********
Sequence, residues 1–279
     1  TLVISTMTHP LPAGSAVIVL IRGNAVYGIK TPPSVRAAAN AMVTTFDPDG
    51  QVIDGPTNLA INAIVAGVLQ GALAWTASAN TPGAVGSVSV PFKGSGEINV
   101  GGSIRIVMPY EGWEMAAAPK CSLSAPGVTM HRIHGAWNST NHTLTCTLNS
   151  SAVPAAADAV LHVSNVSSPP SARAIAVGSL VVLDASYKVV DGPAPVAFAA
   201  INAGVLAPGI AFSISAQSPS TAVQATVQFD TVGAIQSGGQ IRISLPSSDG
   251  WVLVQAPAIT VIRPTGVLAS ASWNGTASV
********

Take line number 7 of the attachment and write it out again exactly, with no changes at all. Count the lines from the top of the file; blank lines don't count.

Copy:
   251  WVLVQAPAIT VIRPTGVLAS ASWNGTASV